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Painful truth of debt crisis: We must raise taxes, even on the middle class

For 75 years, the federal government has used tax benefits and other indirect assistance to underwrite a giant middle-class welfare state. Now it’s time for Americans to admit the truth. If we want all the 'stuff' the federal government provides for us, we’re going to have to pay for it.

By Molly Michelmore / June 7, 2011

Lexington, Va.

The United States has a debt crisis, but almost no one is willing to point out that the best way to solve the nation’s financial problems may be to raise taxes. Not just on the rich, but on the middle class as well.

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The political risks in this approach are significant. Americans hate taxes. And we have come to expect low individual tax burdens almost as a matter of right. But, as President Obama pointed out recently, although we may not like taxes, we do like the “stuff” our tax dollars buy.

In fact, we like almost everything the modern state provides. We like that the federal government helps us to buy homes through the mortgage interest tax deduction; we like that Social Security provides us, and our parents, with economic security in our old age; we like that the federal government helps local communities pay for public education and helps us to send our children to college. Indeed, according to a recent Harris Poll, large numbers of us oppose any cuts in federal spending for retirement security, education, or health care. Significant minorities even favor increasing spending in these areas.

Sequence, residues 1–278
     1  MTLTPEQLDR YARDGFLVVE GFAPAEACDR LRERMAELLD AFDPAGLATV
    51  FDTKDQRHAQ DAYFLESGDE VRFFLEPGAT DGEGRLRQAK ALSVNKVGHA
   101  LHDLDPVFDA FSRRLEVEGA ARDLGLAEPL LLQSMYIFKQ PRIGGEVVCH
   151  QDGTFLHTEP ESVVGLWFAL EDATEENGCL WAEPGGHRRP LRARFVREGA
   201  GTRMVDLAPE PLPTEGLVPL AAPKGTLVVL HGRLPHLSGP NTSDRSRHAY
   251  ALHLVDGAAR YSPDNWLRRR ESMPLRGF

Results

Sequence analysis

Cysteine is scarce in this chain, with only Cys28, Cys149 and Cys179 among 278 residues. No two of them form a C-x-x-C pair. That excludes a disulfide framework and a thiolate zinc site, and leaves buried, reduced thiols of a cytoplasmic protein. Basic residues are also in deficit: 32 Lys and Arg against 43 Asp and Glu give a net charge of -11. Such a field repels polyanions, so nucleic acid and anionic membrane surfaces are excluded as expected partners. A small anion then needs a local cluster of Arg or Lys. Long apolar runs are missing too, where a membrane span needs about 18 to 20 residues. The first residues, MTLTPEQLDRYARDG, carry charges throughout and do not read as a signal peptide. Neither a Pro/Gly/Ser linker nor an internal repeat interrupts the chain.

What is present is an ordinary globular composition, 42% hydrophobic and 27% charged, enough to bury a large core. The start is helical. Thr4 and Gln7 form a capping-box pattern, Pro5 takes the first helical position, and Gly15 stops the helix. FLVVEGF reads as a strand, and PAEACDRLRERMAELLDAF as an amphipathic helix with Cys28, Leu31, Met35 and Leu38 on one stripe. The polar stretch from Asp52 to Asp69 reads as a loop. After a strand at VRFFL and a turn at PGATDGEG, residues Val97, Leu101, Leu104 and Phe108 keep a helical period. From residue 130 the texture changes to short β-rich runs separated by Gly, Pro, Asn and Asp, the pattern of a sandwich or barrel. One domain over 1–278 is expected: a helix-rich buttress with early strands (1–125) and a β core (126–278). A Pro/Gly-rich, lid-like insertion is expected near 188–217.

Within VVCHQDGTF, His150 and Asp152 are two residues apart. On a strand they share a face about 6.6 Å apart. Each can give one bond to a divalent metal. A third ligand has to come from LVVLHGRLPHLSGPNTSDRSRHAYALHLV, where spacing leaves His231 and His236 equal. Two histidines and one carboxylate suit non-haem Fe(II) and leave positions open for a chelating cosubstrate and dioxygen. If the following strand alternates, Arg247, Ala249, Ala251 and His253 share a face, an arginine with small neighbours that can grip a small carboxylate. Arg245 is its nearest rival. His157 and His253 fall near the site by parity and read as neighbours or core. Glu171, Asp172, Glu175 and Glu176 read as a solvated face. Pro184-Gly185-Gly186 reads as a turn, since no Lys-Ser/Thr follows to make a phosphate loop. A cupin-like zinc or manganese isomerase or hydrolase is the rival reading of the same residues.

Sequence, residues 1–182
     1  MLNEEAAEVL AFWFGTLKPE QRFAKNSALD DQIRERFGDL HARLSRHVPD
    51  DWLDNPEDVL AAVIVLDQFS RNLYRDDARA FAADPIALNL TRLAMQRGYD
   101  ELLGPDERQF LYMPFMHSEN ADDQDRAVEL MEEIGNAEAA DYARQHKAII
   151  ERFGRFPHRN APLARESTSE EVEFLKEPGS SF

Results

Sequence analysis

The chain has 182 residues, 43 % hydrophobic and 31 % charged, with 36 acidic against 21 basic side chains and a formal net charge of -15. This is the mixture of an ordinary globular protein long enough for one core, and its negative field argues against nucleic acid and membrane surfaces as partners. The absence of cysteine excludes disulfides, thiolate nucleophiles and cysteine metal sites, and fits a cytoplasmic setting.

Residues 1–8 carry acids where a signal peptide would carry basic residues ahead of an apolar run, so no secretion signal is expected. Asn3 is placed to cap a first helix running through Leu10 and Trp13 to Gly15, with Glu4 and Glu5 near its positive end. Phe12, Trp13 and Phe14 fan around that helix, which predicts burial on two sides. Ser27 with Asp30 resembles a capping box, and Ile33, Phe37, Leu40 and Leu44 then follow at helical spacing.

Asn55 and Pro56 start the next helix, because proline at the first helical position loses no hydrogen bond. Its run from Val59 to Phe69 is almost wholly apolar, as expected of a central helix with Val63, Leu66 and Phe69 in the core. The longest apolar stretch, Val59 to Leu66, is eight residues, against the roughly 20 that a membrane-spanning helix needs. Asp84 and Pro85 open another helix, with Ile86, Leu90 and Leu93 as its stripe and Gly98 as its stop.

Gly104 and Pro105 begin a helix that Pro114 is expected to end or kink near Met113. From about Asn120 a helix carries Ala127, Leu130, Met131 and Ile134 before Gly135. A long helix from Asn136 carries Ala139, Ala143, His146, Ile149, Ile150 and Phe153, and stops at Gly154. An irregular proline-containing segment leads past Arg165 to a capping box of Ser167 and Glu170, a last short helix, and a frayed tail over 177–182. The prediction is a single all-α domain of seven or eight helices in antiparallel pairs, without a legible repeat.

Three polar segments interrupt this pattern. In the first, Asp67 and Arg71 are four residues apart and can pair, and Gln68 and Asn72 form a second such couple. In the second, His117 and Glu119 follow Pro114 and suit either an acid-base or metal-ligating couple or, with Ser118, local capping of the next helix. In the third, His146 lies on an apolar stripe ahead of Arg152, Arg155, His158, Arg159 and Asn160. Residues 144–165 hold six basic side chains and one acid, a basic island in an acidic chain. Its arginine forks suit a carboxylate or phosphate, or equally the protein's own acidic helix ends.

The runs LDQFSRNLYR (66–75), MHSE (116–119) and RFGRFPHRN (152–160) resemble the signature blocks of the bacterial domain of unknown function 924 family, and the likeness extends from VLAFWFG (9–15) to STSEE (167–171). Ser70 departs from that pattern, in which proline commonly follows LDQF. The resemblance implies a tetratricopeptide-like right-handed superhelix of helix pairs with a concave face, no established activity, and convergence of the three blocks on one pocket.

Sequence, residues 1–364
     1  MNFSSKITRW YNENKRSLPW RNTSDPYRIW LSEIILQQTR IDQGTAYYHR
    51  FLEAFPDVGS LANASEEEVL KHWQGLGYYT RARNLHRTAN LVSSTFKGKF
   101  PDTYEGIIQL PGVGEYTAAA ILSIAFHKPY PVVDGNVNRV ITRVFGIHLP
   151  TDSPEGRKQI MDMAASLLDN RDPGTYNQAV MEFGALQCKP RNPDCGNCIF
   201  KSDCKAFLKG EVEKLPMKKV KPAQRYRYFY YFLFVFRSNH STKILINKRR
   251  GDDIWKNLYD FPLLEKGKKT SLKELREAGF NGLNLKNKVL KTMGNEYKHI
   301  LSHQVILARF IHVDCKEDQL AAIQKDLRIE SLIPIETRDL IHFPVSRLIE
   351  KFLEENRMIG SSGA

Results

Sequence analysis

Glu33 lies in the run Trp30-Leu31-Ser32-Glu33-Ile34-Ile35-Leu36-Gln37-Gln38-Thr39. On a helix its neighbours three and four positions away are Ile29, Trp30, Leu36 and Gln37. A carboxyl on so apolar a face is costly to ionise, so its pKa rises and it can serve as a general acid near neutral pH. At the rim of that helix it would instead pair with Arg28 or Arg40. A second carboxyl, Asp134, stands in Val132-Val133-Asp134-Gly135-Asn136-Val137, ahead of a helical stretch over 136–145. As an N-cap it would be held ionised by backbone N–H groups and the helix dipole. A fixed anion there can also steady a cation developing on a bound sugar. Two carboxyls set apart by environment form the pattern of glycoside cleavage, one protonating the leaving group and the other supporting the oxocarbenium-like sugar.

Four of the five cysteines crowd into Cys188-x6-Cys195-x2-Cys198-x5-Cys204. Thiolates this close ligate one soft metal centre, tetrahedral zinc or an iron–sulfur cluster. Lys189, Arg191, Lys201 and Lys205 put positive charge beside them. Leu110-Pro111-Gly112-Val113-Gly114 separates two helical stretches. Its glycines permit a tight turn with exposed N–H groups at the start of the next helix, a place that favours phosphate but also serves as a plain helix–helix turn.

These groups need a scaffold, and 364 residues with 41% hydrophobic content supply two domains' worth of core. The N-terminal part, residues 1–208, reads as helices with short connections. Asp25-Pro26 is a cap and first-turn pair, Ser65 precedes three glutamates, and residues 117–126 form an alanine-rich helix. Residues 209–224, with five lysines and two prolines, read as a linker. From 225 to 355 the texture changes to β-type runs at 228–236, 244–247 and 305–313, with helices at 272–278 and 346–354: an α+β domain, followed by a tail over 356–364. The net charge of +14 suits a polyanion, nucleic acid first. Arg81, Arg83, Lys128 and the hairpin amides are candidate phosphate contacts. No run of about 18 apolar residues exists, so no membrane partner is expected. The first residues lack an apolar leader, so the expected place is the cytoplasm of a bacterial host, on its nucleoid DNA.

Federal government's hidden role

But few of us think we should have to pay for any of this. Indeed, many of us don’t even know that the federal government has played – and continues to play – a major role in ensuring the economic and social security of the vast majority of Americans – poor, rich, and middle class alike.

For this, we can thank New Deal and post-World War II liberals.

National debt ceiling 101: Is a crisis looming?

The reason that many Americans don’t think they have to pay for what government does is that the politicians and policymakers who wrote the American social compact decided to hide its costs. Even Franklin Roosevelt – a liberal president with huge Democratic majorities in Congress – rejected any effort to expand the federal income tax base to pay for his New Deal. The architects of the Social Security system – rightly referred to as the cornerstone of the American welfare state – often disingenuously claimed that the program would use “premiums” and not taxes to pay for Americans’ retirement security.

Myth of tax-and-spend liberal

On closer examination, the tax-and-spend liberal turns out to be a myth.

Throughout the postwar period, liberal politicians and policymakers avoided higher taxes like the plague. President John Kennedy promised to take the nation to the New Frontier at the same time as he slashed corporate taxes. Lyndon Johnson even launched the Great Society and the War on Poverty after pushing a massive, across-the-board tax cut through Congress.


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